What is EQ?

Recent dialogue around business success has been singing the praise of EQ, for it's powerful benefits to company progress, and in growing a culture of teamwork and dismantling toxicity in the workplace. But often these same discussions advocating EQ fail to make plain what exactly EQ is.

So what is EQ?

Simply put, it stands for "Emotional Quotient", and is more commonly referred to as "Emotional Intelligence". While IQ focuses on your learned knowledge and intellectual abilities, EQ describes your social competence and understanding of human behavior.

EQ was identified and defined in the 1990's by psychologists John Mayer and Peter Salovey, and has been written about extensively in years since by accomplished social scientists including Daniel Goleman. What they've uncovered is that the most common causes of failure and distress have much more to do with EQ than with IQ. Additionally, while IQ is important, EQ is a better determinant for success and happiness in the workplace.

EQ can be broken into four primary stages, each of which lends its own skills to the user.

Personal Understanding: The first stage is the ability to comprehend your own emotional state and reactions, based on your inherent and learned traits. While this sounds a bit "woo-woo" to those of us that are less "in touch with our inner selves", it isn't nearly as fluffy as it sounds. Using personality assessments and reading about character development are foundational to understanding our behavioral patterns and why we do the things we do.

Self-management: Once you understand your emotional tendencies and corresponding behaviors, you can learn to control them in a way that is more effective and healthy. This includes learning how to consciously pause and consider your emotional response before reacting in times of stress and frustration, and acknowledging your shortfalls when they appear, and being intentional about growing those areas. At Emergent, we consider this the most difficult level of EQ to apply and master.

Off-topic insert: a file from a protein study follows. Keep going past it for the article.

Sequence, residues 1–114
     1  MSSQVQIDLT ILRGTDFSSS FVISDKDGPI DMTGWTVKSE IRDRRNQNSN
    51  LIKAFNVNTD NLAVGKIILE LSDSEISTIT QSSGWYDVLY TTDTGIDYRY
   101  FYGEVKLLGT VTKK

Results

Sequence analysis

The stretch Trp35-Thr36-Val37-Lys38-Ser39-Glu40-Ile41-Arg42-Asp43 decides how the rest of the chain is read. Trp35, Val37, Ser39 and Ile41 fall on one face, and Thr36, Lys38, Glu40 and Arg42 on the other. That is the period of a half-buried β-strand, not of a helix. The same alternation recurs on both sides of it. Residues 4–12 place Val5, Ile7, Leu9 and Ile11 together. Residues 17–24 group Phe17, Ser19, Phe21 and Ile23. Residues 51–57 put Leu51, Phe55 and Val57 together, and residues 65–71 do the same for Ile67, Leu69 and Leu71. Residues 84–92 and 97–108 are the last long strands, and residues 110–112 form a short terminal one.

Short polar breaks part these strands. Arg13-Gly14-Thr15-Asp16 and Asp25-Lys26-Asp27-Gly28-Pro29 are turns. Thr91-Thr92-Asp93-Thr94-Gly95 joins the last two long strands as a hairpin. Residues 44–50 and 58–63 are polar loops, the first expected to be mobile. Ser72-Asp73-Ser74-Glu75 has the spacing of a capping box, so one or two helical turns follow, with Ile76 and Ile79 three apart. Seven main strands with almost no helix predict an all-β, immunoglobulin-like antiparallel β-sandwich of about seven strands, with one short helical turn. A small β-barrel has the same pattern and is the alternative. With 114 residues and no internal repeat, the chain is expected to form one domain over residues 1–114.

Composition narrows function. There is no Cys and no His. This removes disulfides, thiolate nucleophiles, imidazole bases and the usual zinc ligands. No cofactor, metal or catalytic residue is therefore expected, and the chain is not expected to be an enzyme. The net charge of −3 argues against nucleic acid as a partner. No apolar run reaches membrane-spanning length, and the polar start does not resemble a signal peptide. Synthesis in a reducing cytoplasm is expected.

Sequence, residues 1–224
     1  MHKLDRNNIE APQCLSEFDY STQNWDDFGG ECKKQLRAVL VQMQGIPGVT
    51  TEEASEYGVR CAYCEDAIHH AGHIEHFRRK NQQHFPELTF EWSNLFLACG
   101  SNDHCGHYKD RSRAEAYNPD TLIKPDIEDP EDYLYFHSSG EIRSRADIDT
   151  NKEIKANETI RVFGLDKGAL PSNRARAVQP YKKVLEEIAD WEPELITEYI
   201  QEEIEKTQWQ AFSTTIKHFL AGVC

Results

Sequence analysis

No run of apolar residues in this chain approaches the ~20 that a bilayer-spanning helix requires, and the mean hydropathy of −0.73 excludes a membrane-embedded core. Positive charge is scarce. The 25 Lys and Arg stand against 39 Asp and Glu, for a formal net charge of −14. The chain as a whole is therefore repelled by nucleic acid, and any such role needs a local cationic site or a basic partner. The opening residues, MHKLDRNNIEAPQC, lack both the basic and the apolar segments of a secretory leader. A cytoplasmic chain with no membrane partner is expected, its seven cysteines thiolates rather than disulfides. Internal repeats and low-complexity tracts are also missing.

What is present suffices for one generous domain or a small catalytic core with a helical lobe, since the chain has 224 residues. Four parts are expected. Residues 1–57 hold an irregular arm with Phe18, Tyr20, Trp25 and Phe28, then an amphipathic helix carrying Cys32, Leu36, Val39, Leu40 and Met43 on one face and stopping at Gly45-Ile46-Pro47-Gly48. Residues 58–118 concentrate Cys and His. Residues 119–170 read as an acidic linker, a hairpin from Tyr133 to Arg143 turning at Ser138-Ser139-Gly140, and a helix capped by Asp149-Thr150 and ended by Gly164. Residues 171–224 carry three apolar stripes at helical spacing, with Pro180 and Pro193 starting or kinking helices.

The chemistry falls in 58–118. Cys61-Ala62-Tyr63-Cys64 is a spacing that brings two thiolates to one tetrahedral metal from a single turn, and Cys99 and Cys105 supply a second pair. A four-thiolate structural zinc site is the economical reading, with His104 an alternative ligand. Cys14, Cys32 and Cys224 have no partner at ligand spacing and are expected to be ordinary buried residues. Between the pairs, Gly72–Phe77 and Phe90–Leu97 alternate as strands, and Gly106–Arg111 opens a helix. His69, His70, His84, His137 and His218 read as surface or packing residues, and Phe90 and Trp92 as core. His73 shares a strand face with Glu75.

Social Awareness: The same things you've learned about your own behavior can be applied to others. The third stage of EQ is actively learning and noting others' emotional responses, and understanding why it is they act in those ways. This is the platform on which we move away from inward thinking, but pay conscious attention to everyone around us and their joys, stressors, strengths, and weaknesses.

Relationship Management: The final stage of EQ is applying our knowledge of others' abilities and needs to our relationships and social interactions. Success at this level lies in application. However, by successfully managing our relationships with others, we are able to achieve new heights of health and happiness in relation to/alongside those with whom we interact.

EQ is not solely applicable to the workplace, but it can create dramatic progress when it is used in the context of an organization. Developing our emotional intelligence gives us the ability to have negative conversations in a positive manner, create healthy relationships with others we feel frustrated by, and allow for enhanced team building and leadership. 

Interested in learning more about EQ? Check out our upcoming event The EQexperience: eqexperience.com

About the Author

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Taylor McDonald is a social scientist with a BA degree in Psychology and a MSc degree in Psychological and Psychiatric Anthropology. She is interested in how culture affects communication and how cultural awareness impacts success, and is passionate about emotional intelligence development.

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